A closer look at Basu Bhattacharya's experimental film
Basu Bhattacharya's Uski Kahani
Mumbai - 11 Jan 2016 15:11 IST
A former assistant to filmmaker Bimal Roy, Basu Bhattacharya is known for his particular brand of cinema and sensitive films beginning with the National Award-winning Teesri Kasam (1966) with Raj Kapoor and Waheeda Rehman. His trilogy of films examining the unraveling of urban marriages included Anubhav (1971), Avishkaar (1973) and Griha Pravesh (1979). Later on, he even produced the critically acclaimed Sparsh (1980), the nuanced love story between two teachers, one visually impaired.
For his second project, Bhattacharya directed a little-known film called Uski Kahani (1966) starring Tarun Ghosh and Anju Mahendru. Mahendru was discovered as a teenager by the poet Kaifi Azmi which led to her being cast in her first ever film. Written by Bhattacharya, the story was simple tale of a young man. Ghosh played Raju, labelled 'good-for-nothing' by many around him. Yet he earned his keep at home by doing several odd jobs despite having no university degree. One day, however, the arrival of new neighbours heralded a distinct change in his life.
The newcomers Pradip and his sister Rekha, played by Mahendru, gave him hope that he could do better in his life. During that time, he fell in love with Rekha and soon enough, he becomes a popular comedian, touring the country with his act. When he returns, it is to news that Rekha's marriage has been arranged and it is her wish that he perform at her wedding. This becomes the most difficult performance of his life.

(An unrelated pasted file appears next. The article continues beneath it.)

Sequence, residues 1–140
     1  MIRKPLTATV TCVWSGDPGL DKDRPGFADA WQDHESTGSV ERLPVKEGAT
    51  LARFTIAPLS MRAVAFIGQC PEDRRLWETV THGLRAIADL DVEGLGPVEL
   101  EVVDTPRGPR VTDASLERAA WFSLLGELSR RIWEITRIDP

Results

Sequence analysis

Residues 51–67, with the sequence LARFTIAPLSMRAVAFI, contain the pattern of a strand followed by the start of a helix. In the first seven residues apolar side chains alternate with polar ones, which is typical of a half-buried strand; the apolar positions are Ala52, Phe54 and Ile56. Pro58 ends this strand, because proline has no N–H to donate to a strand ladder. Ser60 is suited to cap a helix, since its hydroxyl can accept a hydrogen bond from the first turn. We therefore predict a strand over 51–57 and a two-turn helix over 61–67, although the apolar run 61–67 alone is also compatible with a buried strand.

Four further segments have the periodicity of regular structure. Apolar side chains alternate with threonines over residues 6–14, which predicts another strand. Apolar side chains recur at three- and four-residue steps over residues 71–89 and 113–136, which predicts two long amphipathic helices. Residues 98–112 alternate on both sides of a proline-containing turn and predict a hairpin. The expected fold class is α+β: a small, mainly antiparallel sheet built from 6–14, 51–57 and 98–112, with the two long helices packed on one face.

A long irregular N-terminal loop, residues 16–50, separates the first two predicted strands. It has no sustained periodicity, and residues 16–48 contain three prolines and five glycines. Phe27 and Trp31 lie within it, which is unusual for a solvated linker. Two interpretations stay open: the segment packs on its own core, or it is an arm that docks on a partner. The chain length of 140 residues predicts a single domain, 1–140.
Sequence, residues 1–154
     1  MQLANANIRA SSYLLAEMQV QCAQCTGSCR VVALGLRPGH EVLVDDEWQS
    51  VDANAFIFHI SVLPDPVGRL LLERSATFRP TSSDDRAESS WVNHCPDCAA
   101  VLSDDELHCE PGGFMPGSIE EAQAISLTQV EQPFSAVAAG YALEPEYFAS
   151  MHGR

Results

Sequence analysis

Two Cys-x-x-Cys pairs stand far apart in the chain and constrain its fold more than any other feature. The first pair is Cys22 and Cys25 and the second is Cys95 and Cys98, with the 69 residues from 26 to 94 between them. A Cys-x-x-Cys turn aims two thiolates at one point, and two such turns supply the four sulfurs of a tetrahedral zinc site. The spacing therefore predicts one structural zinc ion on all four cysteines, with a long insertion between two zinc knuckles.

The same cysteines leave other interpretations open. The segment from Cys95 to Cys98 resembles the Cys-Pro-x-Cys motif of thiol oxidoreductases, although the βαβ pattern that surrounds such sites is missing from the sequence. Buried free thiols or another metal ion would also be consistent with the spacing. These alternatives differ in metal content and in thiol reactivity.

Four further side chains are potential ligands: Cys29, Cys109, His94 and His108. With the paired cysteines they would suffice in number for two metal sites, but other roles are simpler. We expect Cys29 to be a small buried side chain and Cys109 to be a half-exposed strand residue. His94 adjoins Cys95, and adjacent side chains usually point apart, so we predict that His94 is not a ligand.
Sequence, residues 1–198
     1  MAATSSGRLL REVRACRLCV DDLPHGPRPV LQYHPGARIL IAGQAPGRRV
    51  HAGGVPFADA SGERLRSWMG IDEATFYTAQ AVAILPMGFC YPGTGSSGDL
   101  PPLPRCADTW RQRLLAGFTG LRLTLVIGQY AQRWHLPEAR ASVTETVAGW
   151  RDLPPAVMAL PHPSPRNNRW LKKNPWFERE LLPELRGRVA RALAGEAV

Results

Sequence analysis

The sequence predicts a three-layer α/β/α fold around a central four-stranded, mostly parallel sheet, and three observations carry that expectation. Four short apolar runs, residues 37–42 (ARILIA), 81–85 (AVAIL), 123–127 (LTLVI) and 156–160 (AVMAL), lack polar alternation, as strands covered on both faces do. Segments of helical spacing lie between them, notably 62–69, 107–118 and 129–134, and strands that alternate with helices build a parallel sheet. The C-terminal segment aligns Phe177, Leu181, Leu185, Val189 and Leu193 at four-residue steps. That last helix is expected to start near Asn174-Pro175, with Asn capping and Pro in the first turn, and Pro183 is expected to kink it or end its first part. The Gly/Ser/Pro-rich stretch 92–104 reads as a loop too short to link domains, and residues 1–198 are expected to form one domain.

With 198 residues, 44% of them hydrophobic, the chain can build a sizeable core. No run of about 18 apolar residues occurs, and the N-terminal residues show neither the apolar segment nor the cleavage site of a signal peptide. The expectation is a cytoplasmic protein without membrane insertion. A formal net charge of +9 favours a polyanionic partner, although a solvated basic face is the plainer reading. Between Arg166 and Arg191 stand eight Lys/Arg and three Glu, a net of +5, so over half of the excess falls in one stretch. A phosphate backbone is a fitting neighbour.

Uski Kahani was shot on a low budget, outdoors and on real locations, not in any studios and without any fancy equipment. Adding to the realism of this inner-city story, the locals provided the production with electricity when required. Mahendru's mother even helped out the film unit for conveyances when they were short. Even the cameraman Nandu Bhattacharya used the car lights to illuminate his night scenes. Kaifi Azmi wrote the dialogue and lyrics for Uski Kahani's two songs made famous by Geeta Dutt and Hemant Kumar and composed by Kanu Roy, who would go on to become a Basu Bhattacharya regular. Dutt and Kumar sang the songs for free; the producers requested Azmi to ask Dutt for this favour.
The film also marked a return to films for Dina Pathak (credited in the film as Dina Gandhi). Prior to this, she solely worked on the stage and had previously appeared in a Gujarati film, Kariyawar (1948). She even received an award for her supporting performance by the Bengal Film Journalists' Association in 1968. Also, they listed Uski Kahani as one of the best Indian films that same year. Some have argued that Uski Kahani launched the unofficial experimental cinema movement in Hindi cinema. However, later films like Mani Kaul's Bhuvan Shome (1969), Basu Chatterji's Sara Akash (1969) and Bhattacharya's Anubhav were largely noted for their shift and approach in storytelling. Even though Bhattacharya's first two films were box office failures, it started the trend of films based on the middle class.